Fox, meet henhouse

The Energy Department-appointed task force also recommends that drillers disclose the mix of chemicals they’re injecting into the shale to free up gas. In fact, it’s a laundry list of recommendations for voluntary compliance, and since the task force was dominated by the very industry it’s examining, it’s very unlikely to any regulations or legislation will come out of this. Well, we all know how well regulatory capture worked in the Japanese nuclear power industry, so why wouldn’t it work for this?

Natural-gas companies risk causing serious environmental damage from hydraulic fracturing unless they commit to the best engineering practices, a task force named by Energy Secretary Steven Chu concluded.

Regulations to protect public health will work best when drillers embrace techniques that avoid “undesirable consequences,” according to a draft report today by a subcommittee of the Secretary of Energy Advisory Board. The increased use of fracturing, or fracking, which forces water and chemicals into rock, raises the potential for a “serious problem,” the panel found.

The report offered recommendations for companies such as Chesapeake Energy Inc. and Southwestern Energy Co. (SWN) to follow, and guidelines for state regulators that oversee drilling.

“While many states and several federal agencies regulate aspects of these operations, the efficacy of the regulations is far from clear,” according to the report. “Effective action requires both strong regulation and a shale-gas industry in which all participating companies are committed to continuous improvement.”

The Washington-based Environmental Working Group, which advocates for clean air and water, questioned the findings of a panel it said was dominated by the gas industry.

[…] To resolve the concerns, the panel recommended creating an industry organization “dedicated to continuous improvement” of practices, such as measuring and reporting air pollution, minimizing water use and improving well casing and cementing. The subcommittee urged reducing emissions of ozone precursors and called for a national database at a start-up cost of $20 million to link sources of public information on fracking.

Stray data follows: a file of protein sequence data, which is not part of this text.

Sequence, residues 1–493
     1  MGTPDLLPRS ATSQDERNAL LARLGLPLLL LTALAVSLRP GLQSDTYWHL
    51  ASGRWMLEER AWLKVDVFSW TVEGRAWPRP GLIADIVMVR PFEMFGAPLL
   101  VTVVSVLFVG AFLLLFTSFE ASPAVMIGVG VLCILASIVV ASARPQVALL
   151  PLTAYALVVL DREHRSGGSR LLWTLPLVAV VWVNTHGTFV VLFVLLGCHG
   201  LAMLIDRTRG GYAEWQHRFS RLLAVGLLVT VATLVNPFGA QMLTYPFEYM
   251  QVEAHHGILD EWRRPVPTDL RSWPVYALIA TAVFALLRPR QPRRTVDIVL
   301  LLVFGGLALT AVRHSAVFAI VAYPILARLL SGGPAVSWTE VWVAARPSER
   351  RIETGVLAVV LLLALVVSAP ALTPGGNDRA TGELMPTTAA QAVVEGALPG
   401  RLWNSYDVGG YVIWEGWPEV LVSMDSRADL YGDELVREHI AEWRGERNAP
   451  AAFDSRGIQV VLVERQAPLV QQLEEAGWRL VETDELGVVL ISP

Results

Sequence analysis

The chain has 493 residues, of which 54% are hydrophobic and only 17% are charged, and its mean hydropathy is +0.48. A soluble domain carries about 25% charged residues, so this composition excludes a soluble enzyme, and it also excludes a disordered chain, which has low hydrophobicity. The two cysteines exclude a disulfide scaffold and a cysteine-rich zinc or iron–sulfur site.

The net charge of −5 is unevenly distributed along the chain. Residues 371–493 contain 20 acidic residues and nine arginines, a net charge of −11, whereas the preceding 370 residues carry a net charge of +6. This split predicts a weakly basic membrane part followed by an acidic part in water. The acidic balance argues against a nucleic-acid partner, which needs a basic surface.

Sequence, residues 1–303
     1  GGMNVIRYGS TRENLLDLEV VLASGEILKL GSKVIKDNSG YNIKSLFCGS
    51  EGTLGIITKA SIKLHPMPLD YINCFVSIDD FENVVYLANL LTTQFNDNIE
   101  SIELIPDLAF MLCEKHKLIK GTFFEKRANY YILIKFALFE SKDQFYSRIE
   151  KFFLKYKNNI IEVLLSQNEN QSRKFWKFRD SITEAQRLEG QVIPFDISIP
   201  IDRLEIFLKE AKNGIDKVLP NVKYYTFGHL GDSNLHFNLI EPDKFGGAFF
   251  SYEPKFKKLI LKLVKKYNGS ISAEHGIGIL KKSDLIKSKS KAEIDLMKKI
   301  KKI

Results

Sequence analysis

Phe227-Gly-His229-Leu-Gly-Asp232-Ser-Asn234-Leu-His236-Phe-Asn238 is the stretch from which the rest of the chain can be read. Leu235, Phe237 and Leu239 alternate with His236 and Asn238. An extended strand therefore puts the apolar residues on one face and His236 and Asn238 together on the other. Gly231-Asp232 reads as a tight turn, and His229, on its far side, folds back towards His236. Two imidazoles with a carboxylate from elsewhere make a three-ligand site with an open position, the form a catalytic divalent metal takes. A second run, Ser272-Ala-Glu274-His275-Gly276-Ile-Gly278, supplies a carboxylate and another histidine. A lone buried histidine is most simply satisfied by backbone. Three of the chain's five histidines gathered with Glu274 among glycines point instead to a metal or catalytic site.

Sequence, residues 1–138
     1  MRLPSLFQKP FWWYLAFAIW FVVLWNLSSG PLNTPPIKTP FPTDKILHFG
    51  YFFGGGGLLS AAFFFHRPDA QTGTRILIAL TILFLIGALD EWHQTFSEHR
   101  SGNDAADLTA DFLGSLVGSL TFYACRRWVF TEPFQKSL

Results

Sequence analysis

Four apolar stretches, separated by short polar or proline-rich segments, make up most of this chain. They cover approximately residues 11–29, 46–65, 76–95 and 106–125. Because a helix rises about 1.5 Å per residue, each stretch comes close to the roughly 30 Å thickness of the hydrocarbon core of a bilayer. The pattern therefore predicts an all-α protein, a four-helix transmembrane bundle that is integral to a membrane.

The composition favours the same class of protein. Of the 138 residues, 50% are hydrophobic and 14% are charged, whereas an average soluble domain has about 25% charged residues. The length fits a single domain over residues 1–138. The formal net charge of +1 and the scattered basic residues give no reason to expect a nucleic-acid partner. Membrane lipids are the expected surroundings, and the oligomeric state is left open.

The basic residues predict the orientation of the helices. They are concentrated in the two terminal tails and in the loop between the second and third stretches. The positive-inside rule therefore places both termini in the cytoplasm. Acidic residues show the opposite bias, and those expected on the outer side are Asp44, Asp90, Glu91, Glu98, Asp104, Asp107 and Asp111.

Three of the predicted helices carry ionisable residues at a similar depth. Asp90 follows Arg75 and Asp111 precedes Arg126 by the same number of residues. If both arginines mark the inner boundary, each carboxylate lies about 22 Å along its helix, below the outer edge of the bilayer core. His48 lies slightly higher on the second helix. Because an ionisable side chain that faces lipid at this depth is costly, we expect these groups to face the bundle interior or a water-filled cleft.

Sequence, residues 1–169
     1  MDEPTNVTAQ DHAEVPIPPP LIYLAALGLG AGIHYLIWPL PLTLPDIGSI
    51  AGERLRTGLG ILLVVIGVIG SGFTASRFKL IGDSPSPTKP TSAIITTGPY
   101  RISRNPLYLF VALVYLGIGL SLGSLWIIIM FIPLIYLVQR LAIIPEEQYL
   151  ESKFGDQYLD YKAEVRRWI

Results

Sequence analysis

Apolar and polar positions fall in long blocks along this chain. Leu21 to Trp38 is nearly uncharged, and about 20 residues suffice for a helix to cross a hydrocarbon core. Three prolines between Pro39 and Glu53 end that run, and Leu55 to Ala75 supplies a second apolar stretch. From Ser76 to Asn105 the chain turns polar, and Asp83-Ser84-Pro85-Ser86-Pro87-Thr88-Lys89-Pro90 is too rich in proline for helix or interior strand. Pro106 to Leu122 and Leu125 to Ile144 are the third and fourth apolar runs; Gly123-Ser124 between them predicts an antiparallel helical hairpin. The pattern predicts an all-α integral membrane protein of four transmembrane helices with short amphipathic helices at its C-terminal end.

Yes, because industry organizations have done such a bang-up job to date in protecting the public in virtually every market. Oh wait, I think I was still dreaming…

5 thoughts on “Fox, meet henhouse

  1. In our corporatocracy where each corporation is recognized by the courts as a ‘human being’ with the right to spend as much campaign money as they would like to buy our politicians; and with no transparency or accountability as to what they spend or on whom, why wouldn’t “we the people” come out on the short end of the stick every time?

  2. Imhotep is exactly right, our nation’s government is now a fully-owned subsidiary of the corporations who fund campaigns.

  3. It would be interesting to see Steven Chu resign with cause — and name some names, declare he will work for what really needs to be done.

    But he won’t. You’ve heard of regulatory capture? Obama does that to his appointees and even other elected Dems on behalf of the big corporations he favors. Chu will not “diss” this president, even tho’ he damn well ought to be dissed by just about sentient being and his actions dissected by those who know what’s really going on.

    This outcome, btw, is similar to what happened to Brave Sen. Obama’s “efforts” to protect Illinois residents from radiation leaks into their water sources from an Exelon reactor.

    He said, on the presidential primary campaign trail that he worked to do something strong; in reality, he began with a strong statement, worked with R’s on the senate committee and it got softer, then met with the nuclear power industry people and it became self-regulation. Based on in-place guidelines.

    I couldn’t find the NYTimes article, but this is a copy of it from a google cache.

    Obama’s work on health care expansion as an IL senator is also similar to this path. He was given the task to give him more cred; he announced he was in favor of health care for every IL resident; and ended up…doing squat, but the health insurance industry was on his side…then. Sound familiar? Except by the time he ran for president, he did say he wanted health insurance reform, but no mandates…. Insurers needed mandates, and they got them.

  4. Here in West Virginia, the Highlands Conservancy had to go to a federal court to get the state to carry out their own plans to clean up abandoned mines that were left for 50 years to pour out contaminated water. The coal companies abandoned the mines and went out of business (tell Mr Romney that a corporate person can do that after the real people have extracted all the money) without making any effort to reclaim or clean up the earth or streams. The state was supposed to take over, but even they wouldn’t do it to protect the people. Even at this, the plan only apples to a small portion of the abandoned mines. There are also hundreds of abandoned oil and gas wells. Just put these shale gas wells on the bottom of the list.

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